It is harder to define the political “centre” of Germany than it is that of France, the UK or the US. Unlike the first two, it is a polycentric, federal country. Unlike the second two, it does not use first-past-the-post. Also unlike the second two, its political order is still relatively new: the federal republic – founded in 1949 – is younger than Joe Biden. The “Berlin Republic”, the reunified Germany that emerged in the 1990s, is only on its third chancellor. After the federal election in September, Angela Merkel will step down and it will get a fourth. That looks most likely to be one of four figures, soon to be whittled down to two.
Merkel’s Christian Democratic Union (CDU) and the Christian Social Union (CSU), its Bavarian sister party, will in the next few days settle the competition between Armin Laschet, the CDU’s affable but underwhelming leader, and Markus Söder, his cunning, more popular CSU counterpart. The alliance’s command of the political mainstream has long seemed unassailable; the choice of its candidate almost tantamount to the choice of next chancellor.
But Germany’s increasingly ramshackle Covid-19 response and corruption scandals in the two parties have pushed their joint polling average firmly below 30 per cent. It is now thinkable that the surging, second-placed Green Party will be able to form a Bundestag majority without the CDU/CSU and so pave its own way to the chancellery. On 19 April the Greens will announce which of Robert Habeck (a free-speaking novelist) and Annalena Baerbock (his younger, more disciplined co-leader) will be their candidate.
With both choices imminent, and an unusually competitive election looming, the focus is on the individual rivalries. But the contest also deserves to be seen as a broader one, on the character and location of Germany’s post-Merkel political centre. Laschet and Söder have similarities: avuncular, boisterous minister-presidents of Germany’s two most populous federal states, both also have a penchant for dressing up in silly costumes. But their contrasting traits and states point to distinct approaches to the country’s future. Baerbock and Habeck, who are closer in outlook, together represent a different political economy too, one rooted in the Green Party’s growing societal base.
Laschet’s political economy is largely that of the state he leads. North Rhine-Westphalia is home to the heavy industry of the Ruhr and Rhine valleys and ranges from prosperous cities such as Cologne and Düsseldorf to struggling post-industrial regions and sleepy farming areas. Formerly led by the Social Democrats (SPD), it epitomises the old consensus-based corporatism of the Bonn Republic. So does Laschet. Averse to polarisation, he courts trade unions, is comparatively liberal on migration and Islam and is emotionally pro-European. But he can get stuck in the past: coddling the coal industry, dragging his feet on Covid-19 lockdowns, and in foreign policy terms still nursing the naive optimism of the 1990s. He is moderate, yes, but plodding.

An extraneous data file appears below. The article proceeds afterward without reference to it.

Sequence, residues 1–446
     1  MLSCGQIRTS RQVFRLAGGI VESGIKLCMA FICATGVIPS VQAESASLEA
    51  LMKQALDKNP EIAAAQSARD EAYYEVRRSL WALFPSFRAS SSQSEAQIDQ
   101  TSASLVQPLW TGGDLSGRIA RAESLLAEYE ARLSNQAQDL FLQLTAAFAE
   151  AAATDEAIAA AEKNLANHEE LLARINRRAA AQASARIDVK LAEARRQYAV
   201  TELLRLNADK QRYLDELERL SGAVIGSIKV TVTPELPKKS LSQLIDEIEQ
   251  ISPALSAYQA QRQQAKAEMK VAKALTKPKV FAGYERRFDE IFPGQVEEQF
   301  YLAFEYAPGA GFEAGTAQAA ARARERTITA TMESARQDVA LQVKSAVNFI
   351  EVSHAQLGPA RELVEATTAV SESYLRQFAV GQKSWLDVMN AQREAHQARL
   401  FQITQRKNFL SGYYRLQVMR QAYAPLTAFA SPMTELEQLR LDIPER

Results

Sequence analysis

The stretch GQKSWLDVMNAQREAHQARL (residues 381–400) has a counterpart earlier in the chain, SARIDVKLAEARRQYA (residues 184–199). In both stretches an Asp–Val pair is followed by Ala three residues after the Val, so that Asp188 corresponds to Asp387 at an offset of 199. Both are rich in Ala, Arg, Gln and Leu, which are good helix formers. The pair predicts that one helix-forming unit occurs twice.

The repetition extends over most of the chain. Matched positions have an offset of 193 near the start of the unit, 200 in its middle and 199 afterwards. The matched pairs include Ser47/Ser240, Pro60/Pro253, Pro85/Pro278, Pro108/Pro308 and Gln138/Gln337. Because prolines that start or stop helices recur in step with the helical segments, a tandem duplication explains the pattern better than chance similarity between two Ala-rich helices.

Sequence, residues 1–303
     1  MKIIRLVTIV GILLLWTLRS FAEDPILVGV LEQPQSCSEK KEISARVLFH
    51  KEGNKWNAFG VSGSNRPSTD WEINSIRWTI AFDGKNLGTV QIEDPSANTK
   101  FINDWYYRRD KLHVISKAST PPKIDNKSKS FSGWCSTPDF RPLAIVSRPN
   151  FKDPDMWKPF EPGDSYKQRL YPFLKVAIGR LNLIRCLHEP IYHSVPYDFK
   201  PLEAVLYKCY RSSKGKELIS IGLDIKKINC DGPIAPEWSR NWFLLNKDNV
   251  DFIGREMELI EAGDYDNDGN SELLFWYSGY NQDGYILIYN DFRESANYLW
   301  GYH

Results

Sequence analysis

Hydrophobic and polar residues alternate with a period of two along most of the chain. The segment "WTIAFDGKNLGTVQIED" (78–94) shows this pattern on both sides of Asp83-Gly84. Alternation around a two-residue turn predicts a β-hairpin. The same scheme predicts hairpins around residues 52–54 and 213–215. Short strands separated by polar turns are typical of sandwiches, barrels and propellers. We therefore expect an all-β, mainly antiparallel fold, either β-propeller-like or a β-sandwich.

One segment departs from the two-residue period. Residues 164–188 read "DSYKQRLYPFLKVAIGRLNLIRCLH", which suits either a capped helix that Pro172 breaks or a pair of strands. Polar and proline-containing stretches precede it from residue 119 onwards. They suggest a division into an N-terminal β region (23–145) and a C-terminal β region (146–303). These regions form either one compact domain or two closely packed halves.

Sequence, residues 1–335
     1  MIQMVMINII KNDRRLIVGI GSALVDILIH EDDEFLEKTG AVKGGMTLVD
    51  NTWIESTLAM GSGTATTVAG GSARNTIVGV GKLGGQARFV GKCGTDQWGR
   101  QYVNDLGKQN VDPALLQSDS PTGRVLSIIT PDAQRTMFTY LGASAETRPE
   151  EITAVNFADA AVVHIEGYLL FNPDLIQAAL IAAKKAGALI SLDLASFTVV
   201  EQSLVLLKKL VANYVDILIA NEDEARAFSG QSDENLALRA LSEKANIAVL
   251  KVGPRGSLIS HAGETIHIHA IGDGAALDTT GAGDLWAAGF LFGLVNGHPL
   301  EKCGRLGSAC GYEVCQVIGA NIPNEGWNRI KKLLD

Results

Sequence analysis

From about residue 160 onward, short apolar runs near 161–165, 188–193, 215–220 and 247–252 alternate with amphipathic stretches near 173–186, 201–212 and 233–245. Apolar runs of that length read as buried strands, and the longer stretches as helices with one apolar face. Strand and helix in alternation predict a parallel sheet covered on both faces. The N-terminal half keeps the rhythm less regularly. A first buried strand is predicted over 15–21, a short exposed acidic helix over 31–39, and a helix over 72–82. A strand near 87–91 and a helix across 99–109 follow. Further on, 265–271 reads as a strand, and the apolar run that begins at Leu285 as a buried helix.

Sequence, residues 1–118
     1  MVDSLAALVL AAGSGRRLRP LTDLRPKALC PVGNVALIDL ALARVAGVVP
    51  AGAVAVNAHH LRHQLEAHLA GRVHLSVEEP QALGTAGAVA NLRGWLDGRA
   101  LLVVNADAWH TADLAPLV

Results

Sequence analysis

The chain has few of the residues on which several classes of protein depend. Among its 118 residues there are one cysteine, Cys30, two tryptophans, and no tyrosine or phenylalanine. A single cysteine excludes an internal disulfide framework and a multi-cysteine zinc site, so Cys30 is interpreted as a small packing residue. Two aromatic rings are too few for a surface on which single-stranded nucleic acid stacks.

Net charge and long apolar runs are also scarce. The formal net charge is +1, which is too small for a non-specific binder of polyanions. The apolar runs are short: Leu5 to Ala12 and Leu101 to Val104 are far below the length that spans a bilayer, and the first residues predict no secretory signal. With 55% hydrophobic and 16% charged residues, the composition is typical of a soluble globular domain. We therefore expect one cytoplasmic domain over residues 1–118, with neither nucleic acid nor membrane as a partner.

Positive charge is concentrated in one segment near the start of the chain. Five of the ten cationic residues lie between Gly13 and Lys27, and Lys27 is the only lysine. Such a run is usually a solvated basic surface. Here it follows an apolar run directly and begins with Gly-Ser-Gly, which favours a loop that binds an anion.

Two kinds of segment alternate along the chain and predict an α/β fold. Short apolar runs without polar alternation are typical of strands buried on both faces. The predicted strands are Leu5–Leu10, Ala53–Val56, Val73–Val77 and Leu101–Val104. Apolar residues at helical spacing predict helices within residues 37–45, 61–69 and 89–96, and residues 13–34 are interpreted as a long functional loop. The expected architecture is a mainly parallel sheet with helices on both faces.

Söder’s fiefdom of Bavaria is also a patchwork, but its political economy is different. The CSU has dominated its politics since the 1950s and in that time has transformed an agricultural state, one of the poorest in the federal republic, into a high-tech champion and one of the richest. Its method: a hyper-pragmatic, responsive, small-p populist politics combining economic modernism with social conservatism under the mantra “laptops and lederhosen”.
Söder reflects that tradition. Nimble, heterodox and utterly opportunistic, he courted anti-migrant sentiment around the refugee crisis but has since reinvented himself as a centrist and environmentalist. He was quick to grasp the new realities of the Covid 19 era, and has been rewarded for that in the polls.
Baerbock and Habeck both hail from bourgeois-bohemian stock in suburban northern Germany. But the Greens’ power base is more diffuse. The party’s surge is a product of lacklustre alternatives, but also deeper sociological shifts. Residents of big cities and university towns, people with migrant backgrounds, employees in green industrial and white-collar information sectors are all growing as a share of the electorate. This Germany can be found in fast-expanding cities such as Berlin, Munich or Leipzig, but also in smaller centres like Tübingen, Kiel or Potsdam, and in some prosperous, liberal-minded suburban and rural parts. This electorate may identify less with old class categories but is affected by market failures, such as unaffordable housing and pollution; it worries about inadequate investment in green and digital infrastructure; it is comfortable with a modern, expansive sense of German identity.
There are other milieux: the SPD clings on to strongholds like Hamburg, Hanover and parts of the Ruhr; the far-right AfD has stabilised as the voice of some 10 per cent of voters, particularly older male ones in the post-industrial former east; the Free Democrats get a similar share from yuppies and self-employed professionals; the Left Party manages the same, on a good day, from old eastern lefties and young western Corbynite types. But none of these looks capable of anchoring a Bundestag majority, taking the chancellery and defining the political centre in the Berlin Republic in the way that the CDU/CSU and Greens now both do.
It would be simplistic to claim that Laschet’s political economy represents Germany’s past centre, Söder’s the present one and Baerbock’s or Habeck’s the future one. There is significant overlap between the camps, the political embodiment of which is Merkel herself. But whoever leads the next federal government, and the sociological and political-economic basis of their authority, will be crucial. A fascinating few months await.
[see also: The Franco-German election season begins]
This article appears in the 14 Apr 2021 issue of the New Statesman, Careless people